BB: Well, the question of associating labor with feminism in general is the issue. I donít think there has been a long association of labor with feminism, even though there are dynamite women organizers. There have always been women in the movement and women in leadership positions even when they havenít been acknowledged in those positions. Many different unions have depended almost entirely on women doing the organizing. But the image of the labor movement is not that. You are right that at the Grad Center we have a stunning feminist presence, a fabulous collection of women doing work in the community and also doing feminist writing, research, teaching, and scholarship. And a lot of them are working on labor. I think that labor issues is one of the big new frontiers of our time; I think itís possible that the new movements that we are going to see are going to be movements around work. So, maybe weíre just coming into the moment when all the different feminists who are interested in labor issues are going to be able to come together and identify themselves as a group because I think youíre right that that really hasnít happened. There are many different people who have done studies on welfare, on social movements, on childcare, and on writing about labor, but we havenít seen ourselves as a force to begin with. But one thought that certainly is on my mind is that one of the new major arenas for social movement would be labor issues.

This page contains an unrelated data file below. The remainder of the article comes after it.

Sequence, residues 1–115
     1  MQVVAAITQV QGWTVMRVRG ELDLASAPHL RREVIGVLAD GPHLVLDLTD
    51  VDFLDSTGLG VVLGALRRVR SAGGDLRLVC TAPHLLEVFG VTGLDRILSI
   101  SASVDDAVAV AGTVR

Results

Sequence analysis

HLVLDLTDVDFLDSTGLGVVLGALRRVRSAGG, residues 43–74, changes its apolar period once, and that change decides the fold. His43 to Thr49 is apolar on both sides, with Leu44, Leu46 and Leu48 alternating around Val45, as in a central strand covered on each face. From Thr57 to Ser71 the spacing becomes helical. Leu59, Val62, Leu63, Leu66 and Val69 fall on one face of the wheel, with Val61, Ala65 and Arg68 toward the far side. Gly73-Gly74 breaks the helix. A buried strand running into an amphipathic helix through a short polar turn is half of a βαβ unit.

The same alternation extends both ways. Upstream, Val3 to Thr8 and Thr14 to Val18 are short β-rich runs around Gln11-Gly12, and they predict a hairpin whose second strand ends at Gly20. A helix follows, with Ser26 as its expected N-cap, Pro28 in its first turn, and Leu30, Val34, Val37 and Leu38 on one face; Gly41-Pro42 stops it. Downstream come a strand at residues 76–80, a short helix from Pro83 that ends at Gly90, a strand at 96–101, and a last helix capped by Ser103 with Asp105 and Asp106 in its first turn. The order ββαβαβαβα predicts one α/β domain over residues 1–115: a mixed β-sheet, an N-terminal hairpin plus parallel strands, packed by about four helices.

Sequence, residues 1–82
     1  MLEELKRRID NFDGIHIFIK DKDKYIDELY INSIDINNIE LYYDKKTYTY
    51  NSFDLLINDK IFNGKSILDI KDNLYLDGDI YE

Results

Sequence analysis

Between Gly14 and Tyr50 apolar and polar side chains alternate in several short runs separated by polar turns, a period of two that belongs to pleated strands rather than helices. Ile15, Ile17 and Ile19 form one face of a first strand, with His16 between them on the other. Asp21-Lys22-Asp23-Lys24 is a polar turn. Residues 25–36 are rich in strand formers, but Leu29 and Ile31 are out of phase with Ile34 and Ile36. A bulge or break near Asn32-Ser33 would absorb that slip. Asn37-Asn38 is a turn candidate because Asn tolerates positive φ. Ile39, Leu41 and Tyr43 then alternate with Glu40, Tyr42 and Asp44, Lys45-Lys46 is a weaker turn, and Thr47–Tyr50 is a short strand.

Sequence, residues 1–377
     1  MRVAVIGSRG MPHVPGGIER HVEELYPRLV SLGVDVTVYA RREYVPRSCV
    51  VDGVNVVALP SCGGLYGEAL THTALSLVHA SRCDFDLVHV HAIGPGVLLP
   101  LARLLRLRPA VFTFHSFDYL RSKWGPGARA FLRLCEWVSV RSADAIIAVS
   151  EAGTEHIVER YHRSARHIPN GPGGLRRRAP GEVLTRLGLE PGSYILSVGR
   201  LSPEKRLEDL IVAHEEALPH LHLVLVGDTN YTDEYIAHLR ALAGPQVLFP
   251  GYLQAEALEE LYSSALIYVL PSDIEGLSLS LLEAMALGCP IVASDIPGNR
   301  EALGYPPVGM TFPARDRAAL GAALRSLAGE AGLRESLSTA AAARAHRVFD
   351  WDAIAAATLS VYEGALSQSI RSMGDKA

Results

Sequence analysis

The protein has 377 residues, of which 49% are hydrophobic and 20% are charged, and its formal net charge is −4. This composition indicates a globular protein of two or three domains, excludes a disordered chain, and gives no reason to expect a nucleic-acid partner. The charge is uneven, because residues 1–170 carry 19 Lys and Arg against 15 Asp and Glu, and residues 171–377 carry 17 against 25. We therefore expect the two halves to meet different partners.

AW: It would be very encouraging, and it sounds like it makes sense for feminist scholars to go in that direction with the work theyíre doing. I keep thinking back to students now though, because if the faculty havenít quite cohered yet, the students havenít either. There certainly are students who are very active, and there are certainly feminist students who are very active, but feminist students as a group, similar to feminist faculty here, are not identifying themselves necessarily as a widespread group focused on organizing.